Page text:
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We chose our memorial to be in Ouidah, Ghana. It's important because of its history of supplying the new world with African labor, with an estimated 673,759 enslaved Africans disembarking from the Gold Coast. More specifically, it is going to be at the Porte du Non Retour. The beaches of the port are where many Africans had their journey before embarking onto the ships that sent them away. It was the last bit of Africa that they would see before boarding the slave ships. The Porte du Non Retour, or Door of Not Return, is a gateway symbolizing when slaves would walk away from their homeland and never see it again. The memorial would be near this because it shows the conditions that a slave went through during their journey and what they were put through. A common slave route left from the town of Ouidah and went straight to the Porte du Non Retour, which was a distance of three miles. The slaves would walk straight from Ouidah and onto the ship, where they had only a space of five spare feet to themselves, on average.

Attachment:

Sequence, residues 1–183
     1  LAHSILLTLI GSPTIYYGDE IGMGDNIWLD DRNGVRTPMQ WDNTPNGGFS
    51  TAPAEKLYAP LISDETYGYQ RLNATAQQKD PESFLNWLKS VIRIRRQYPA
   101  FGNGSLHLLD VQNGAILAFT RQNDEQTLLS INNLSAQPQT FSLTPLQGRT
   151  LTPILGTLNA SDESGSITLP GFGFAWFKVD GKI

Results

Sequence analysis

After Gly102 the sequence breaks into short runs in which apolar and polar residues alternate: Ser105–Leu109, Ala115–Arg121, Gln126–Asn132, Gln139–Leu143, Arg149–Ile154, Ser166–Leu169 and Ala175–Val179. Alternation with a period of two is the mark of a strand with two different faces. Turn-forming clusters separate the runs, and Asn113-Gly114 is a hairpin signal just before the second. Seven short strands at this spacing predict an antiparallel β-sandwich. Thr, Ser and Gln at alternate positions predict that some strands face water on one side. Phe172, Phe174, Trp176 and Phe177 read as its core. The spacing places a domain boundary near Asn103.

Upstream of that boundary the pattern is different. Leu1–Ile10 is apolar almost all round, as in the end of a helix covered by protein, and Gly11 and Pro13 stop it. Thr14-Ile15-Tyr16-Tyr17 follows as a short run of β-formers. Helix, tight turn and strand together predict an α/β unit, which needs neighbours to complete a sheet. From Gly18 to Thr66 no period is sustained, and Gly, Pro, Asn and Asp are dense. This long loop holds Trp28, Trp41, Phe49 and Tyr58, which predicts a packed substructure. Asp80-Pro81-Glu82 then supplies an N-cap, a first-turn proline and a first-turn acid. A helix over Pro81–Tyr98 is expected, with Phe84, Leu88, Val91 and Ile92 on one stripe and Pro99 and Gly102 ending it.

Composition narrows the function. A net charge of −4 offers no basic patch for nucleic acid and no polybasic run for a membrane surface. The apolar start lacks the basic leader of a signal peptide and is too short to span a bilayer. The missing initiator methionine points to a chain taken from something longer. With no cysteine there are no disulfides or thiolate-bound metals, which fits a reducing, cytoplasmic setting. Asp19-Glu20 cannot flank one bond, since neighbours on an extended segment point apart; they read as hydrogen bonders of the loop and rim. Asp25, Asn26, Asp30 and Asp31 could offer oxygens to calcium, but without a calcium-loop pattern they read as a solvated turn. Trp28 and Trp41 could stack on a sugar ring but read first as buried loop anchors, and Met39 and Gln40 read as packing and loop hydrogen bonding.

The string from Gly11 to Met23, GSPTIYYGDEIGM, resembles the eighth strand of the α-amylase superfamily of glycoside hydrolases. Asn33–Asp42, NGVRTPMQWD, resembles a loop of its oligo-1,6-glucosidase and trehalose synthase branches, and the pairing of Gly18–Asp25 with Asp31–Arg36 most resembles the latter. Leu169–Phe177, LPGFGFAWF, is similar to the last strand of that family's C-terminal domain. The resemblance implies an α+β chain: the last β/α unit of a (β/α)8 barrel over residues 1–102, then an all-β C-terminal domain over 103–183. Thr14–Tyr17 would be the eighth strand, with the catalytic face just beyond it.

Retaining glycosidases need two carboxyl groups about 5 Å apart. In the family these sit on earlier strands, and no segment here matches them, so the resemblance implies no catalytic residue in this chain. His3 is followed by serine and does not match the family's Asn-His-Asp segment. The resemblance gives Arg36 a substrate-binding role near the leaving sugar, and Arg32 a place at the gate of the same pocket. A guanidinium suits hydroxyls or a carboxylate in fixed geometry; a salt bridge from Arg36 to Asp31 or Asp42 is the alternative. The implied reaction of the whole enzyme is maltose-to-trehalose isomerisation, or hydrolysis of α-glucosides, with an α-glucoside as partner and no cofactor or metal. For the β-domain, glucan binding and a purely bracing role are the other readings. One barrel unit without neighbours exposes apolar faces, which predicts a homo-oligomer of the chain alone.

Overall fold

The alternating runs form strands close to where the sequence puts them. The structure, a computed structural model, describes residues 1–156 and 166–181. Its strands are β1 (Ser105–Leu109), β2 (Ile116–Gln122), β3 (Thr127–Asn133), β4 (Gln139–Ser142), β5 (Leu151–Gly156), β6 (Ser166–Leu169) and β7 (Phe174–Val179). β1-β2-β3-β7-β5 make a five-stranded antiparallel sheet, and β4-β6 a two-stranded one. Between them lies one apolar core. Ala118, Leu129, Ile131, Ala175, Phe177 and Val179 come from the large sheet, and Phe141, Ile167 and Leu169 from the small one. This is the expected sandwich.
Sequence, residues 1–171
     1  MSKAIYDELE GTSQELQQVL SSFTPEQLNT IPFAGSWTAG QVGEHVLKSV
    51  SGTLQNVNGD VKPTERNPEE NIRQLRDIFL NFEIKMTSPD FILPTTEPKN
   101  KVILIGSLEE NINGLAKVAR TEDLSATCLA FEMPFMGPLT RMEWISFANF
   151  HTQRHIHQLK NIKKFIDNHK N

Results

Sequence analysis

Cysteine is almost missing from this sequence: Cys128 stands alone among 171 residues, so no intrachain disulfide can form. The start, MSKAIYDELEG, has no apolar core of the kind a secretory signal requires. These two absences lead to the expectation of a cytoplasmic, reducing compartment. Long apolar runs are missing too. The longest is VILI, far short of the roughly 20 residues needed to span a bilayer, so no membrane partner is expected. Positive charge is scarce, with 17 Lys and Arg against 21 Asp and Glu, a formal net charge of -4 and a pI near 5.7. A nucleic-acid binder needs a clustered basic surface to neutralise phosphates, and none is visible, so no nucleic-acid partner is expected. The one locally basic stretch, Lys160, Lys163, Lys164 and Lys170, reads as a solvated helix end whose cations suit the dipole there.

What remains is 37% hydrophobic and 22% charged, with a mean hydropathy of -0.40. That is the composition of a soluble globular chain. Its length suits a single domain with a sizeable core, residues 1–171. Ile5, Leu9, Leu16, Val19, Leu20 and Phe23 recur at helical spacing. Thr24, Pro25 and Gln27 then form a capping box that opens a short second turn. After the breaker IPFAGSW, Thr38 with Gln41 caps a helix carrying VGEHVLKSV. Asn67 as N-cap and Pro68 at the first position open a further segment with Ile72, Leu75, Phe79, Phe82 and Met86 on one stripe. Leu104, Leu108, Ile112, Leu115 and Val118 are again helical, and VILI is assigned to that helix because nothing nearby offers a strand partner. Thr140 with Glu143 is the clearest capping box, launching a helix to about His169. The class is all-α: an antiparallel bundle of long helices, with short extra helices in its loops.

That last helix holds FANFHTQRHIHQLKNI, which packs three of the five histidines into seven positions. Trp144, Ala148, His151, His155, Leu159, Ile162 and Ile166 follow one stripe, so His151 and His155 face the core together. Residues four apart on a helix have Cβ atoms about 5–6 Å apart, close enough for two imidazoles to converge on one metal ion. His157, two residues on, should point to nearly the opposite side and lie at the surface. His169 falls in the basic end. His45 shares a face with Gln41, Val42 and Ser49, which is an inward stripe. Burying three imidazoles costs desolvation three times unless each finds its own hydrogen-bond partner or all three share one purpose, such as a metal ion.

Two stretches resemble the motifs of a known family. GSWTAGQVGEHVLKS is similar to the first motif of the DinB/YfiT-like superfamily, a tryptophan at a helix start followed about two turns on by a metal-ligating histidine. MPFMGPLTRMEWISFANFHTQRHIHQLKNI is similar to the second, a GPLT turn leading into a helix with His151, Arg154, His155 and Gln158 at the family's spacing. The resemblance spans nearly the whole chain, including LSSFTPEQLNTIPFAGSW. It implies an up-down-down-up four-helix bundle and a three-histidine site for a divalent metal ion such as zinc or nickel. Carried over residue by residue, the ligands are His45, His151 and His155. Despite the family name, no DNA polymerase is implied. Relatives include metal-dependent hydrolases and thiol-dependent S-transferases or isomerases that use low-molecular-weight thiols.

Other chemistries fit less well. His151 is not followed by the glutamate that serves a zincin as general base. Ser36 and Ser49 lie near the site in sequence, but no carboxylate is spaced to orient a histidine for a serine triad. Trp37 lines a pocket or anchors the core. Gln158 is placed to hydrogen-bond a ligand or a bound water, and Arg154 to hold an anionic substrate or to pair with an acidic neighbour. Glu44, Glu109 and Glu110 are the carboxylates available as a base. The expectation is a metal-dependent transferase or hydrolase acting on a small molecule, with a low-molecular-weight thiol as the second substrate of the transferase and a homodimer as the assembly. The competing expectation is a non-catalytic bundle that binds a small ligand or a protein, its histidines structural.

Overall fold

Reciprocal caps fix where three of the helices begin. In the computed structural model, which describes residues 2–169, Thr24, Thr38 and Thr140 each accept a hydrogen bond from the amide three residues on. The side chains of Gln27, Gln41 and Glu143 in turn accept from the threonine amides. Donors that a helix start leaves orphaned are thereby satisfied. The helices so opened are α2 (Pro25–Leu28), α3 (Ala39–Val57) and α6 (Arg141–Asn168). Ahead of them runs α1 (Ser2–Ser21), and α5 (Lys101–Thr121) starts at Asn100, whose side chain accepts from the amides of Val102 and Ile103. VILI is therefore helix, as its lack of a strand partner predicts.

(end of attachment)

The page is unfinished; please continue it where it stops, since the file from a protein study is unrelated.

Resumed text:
The design we chose for our memorial is interactive, giving visitors a real representation of how small the ships were that the enslaved people were on. The design is a five-foot squared marked-off area with two bronze statues on either side. Four plaques in front of the space would have each of our four exhibits printed on them and would encourage visitors to lie down in the space to experience what life aboard a slave ship would be like.
Columbus State University
Transatlantic Slave Trade, Porte du on Retour, Ghana, Ouidah
Owen, Samuel; Dyer, Alexandria; Mitchell, Aubree; and Harrison, Makenzie, "Three Captives Memorial at the Porte du Non Retour in Ghana" (2020). History from Below: Memorialization Projects. 34.